“I can’t write a song unless it has meaning” – Yip Harburg (songwriter, lyricist, poet, b: April 8 1896 – d: March 5 1981)
An entirely unintended, but very welcome, consequence of That Funeral, has been the publicity it’s brought to the work of songwriter Yip Harburg. I have no intention here of going into the debate about whether the protesters’ use of ‘Ding Dong The Witch Is Dead’ was in any way sexist: quite clearly the song itself is a celebration of the defeat of tyranny, as represented by the Wicked Witch of the East in The Wizard of Oz (a film full of political symbolism, by the way). As lyricist of the song (the music was by Harold Arlen), Harburg intended it that way: he was a committed socialist who went on to be blacklisted as a communist sympathiser in the 1950s. In fact he was never a member of the Party, but he was heavily involved in the Popular Front movement and, like many leftists of the time, appears to have combined libertarianism with a degree of sympathy towards the Soviet Union and Stalinism. He supported the semi-Stalinist Monthly Review magazine until his death. His exact politics were unclear – possibly even to himself. But much of his work is explicitly socialist, including his “masterpiece,” the show Finian’s Rainbow (1947) which deals in its way with commodity fetishism (!) It was also probably the first Broadway show with a racially integrated chorus line.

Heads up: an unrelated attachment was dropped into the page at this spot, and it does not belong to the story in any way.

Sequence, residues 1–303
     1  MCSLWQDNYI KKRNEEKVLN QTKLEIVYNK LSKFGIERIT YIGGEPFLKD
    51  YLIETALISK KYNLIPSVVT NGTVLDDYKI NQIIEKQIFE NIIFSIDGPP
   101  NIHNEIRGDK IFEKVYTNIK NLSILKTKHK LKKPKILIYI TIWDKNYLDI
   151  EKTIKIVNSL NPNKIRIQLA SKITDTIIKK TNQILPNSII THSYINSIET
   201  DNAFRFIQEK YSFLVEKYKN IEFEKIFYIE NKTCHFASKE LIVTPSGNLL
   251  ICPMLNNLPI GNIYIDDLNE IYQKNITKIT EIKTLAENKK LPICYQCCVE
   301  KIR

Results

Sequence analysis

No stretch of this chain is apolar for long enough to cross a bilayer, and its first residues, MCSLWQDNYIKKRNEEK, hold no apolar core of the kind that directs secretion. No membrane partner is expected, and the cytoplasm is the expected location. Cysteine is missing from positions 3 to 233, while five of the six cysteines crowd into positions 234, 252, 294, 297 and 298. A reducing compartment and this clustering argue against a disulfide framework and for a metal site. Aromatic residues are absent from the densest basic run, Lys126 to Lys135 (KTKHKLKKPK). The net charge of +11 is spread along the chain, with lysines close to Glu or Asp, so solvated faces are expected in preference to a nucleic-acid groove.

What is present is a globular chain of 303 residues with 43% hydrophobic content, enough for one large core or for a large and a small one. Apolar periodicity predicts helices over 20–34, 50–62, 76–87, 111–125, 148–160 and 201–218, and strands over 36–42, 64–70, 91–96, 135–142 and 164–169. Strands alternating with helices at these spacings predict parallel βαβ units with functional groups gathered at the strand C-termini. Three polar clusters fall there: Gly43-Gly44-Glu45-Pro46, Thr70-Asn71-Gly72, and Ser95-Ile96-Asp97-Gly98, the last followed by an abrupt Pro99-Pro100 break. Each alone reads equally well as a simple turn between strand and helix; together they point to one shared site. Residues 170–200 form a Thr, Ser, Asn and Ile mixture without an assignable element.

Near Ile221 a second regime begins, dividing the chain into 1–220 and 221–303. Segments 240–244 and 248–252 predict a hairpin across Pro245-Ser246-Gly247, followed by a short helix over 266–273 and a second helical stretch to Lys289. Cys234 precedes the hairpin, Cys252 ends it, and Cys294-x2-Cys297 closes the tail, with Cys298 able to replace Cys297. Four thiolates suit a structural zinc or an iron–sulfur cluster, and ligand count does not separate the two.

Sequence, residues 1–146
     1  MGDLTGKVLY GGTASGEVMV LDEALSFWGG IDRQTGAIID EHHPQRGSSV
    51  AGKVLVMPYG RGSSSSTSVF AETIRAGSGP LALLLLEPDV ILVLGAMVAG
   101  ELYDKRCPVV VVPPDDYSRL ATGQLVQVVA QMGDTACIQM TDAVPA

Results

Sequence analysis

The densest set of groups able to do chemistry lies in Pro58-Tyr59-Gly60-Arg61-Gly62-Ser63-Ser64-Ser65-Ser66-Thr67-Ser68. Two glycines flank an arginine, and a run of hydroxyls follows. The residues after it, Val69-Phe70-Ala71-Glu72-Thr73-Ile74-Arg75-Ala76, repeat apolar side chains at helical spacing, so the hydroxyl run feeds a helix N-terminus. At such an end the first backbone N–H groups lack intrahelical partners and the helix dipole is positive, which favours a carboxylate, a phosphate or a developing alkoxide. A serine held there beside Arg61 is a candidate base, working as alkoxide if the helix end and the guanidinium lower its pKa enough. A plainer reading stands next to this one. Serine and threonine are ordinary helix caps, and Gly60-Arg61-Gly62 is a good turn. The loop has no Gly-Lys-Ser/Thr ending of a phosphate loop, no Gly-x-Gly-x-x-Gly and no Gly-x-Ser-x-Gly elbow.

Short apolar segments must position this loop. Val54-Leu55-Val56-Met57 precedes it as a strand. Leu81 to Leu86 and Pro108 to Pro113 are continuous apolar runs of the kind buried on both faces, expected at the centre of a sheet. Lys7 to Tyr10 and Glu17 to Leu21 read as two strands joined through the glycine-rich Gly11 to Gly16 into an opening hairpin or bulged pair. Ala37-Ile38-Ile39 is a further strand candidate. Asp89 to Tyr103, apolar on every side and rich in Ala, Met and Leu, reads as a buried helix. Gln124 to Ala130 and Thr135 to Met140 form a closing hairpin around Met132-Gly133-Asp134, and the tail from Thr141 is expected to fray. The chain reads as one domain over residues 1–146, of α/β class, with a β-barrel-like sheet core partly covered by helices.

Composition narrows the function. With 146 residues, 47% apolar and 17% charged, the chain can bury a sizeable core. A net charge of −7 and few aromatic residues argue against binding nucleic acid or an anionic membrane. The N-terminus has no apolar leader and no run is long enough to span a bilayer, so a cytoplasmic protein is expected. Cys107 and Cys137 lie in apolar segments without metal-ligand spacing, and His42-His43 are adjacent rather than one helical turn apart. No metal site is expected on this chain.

Harburg wrote the lyrics to many standard tunes including ‘It’s Only A Paper Moon’, ‘April In Paris’, ‘Down With Love’ and (of course) ‘Over The Rainbow.’ But the one that gets to me every time is this great anthem of the depression, written with the composer Jay Gornay and given probably its most powerful rendition in this 1932 version by Bing Crosby:
Yip explained later: “It was a terrible period. You couldn’t walk along the street without crying, without seeing people who’d been wealthy, begging: ‘Can you spare a dime?’…
“When Jay played me the tune he had, I thought of that phrase, ‘Can you spare a dime?’ It kept running through my head as I was walking the streets. And by putting the word ‘brother’ to the line, I got started on it.
“But I thought that lyric out very carefully. I didn’t make it a maudlin lyric of a guy begging. I made it into a commentary. That may sound rhetorical, but it’s true. It was about a fellow who works, a fellow who builds, who makes the railroads and the houses — and he’s left empty-handed. How come? How did this happen? Didn’t I fight the wars, didn’t I bear the gun, didn’t I plow the earth? In other words, the fellow who produced is the fellow who’s left empty handed at the end.”
The Yip Harburg foundation’s website, here